|The discussion took place at the NOMO Soho rooftop in Manhattan.|
To draw Millennial customers, travel agents need to find their value and demonstrate it, Travel Agent learned at a recent panel on Millennial travelers hosted by American Express Travel.
“American Express Travel Salon Series Presents, #NoFilter: Millennial Perception vs. Reality” drew together Shedisha A. Matthias, operations manager for Travel Noire; Grant Legan, co-founder of Elsewhere; Sarah Osman, brand strategist at Tumblr; Tom Harding, director of immersive products and virtual reality at Samsung Electronics America; Rebecca Minkoff, fashion designer and entrepreneur; and Will Farnan, client partner in the travel vertical at Facebook to discuss the latest research on Millennial travelers. Claire Bennett, EVP and general manager of American Express Travel, moderated the discussion.
One of the main takeaways from the discussion? While travel agents still have a great deal of room to grow when it comes to Millennial market share, Millennials who do use travel agents report a positive experience. 75 percent of Millennial travelers cite customer service as an aspect that can make or break a trip, and 92 percent of Millennials who use a travel agent say that the experience enhanced their trip, according to AmEx research shared by Bennett.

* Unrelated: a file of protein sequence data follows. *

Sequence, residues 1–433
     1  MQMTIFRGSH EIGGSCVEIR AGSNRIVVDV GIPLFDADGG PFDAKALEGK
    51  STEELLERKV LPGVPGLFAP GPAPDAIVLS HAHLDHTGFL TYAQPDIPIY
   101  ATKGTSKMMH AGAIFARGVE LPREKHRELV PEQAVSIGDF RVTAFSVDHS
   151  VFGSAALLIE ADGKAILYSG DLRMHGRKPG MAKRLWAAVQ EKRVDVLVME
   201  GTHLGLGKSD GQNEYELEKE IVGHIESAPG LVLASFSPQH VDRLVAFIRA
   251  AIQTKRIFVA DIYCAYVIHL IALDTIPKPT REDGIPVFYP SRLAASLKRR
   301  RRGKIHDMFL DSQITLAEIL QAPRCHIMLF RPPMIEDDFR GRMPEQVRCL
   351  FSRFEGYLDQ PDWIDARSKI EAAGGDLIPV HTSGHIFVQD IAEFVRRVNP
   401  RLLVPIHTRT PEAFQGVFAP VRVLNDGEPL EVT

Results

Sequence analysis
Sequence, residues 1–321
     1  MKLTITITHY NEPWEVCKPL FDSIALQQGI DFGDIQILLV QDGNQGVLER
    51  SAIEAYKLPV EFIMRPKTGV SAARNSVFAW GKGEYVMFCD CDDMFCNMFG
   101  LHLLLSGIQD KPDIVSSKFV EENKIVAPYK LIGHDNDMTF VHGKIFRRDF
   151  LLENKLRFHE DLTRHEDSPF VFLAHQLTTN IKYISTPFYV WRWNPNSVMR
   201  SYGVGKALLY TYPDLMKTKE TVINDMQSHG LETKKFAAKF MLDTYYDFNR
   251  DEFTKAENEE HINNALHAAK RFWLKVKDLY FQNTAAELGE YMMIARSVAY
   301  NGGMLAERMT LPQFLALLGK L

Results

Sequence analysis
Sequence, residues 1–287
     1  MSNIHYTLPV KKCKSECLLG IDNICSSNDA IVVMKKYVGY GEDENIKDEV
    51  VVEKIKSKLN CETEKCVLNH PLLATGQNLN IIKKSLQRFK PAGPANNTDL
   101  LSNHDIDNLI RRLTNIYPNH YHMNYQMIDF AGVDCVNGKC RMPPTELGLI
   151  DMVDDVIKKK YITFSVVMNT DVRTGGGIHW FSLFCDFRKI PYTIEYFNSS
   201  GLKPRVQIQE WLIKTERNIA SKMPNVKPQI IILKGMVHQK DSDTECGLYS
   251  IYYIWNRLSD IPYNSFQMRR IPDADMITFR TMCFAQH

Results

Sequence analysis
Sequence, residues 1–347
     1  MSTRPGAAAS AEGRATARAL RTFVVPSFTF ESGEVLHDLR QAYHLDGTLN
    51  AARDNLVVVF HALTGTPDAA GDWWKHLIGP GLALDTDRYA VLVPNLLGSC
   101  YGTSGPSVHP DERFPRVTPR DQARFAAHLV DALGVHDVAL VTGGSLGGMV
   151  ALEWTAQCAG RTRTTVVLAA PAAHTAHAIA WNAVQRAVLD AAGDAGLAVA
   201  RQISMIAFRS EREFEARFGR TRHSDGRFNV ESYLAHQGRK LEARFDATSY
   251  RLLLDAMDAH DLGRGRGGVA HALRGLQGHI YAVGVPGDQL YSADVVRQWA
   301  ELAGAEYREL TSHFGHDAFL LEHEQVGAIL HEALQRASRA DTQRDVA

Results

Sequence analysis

The discussion then turned to how agents can adapt.
“I think travel agencies are having a bit of an identity crisis,” says Matthias, although she did note that Millennials’ use of travel agents had been trending upward in recent years.
What should agents offer Millennials? “The benefit is time,” says Matthias. “It’s about having someone that’s tailoring to what their needs are.”
Legan agrees, noting that offering a well-personalized travel experience “feels like you’re talking to a friend and coming into their city.”
Understanding the client is important, too. “If I know that I’m talking to someone who gets me, that’s far more valuable,” says Minkoff.
For Farnan, it’s also about defining a travel agent’s place in the marketplace. “It’s a function of where they can define value in what they offer,” Farnan says. “When agencies can fill a void you can’t get online or in a mobile app, that’s an opportunity.”
Millennials and Hotels
During the discussion panelists also shared their thoughts on what Millennials want from a hotel. Despite the common stereotype linking Millennials and Airbnb, recent AmEx research shows 76 percent of Millennials prefer staying in a traditional hotel, says Bennett.
“If it’s going to be a longer trip I’ll book Airbnb, but if not I’ll look for a boutique hotel with a great vibe and feel,” says Minkoff.
A hotel’s location is paramount, too, and that extends to more than just nearby tourist attractions. “It’s about the community around the hotel,” says Matthias. “It’s about the neighborhood.”
A good hotel can also work to foster a community within its walls, too. “For example, if there’s a happy hour at the hotel, that’s a chance to meet others,” says Matthias. “If there’s a chance to meet an influencer you follow on Instagram, I’m definitely going to stay at that hotel.”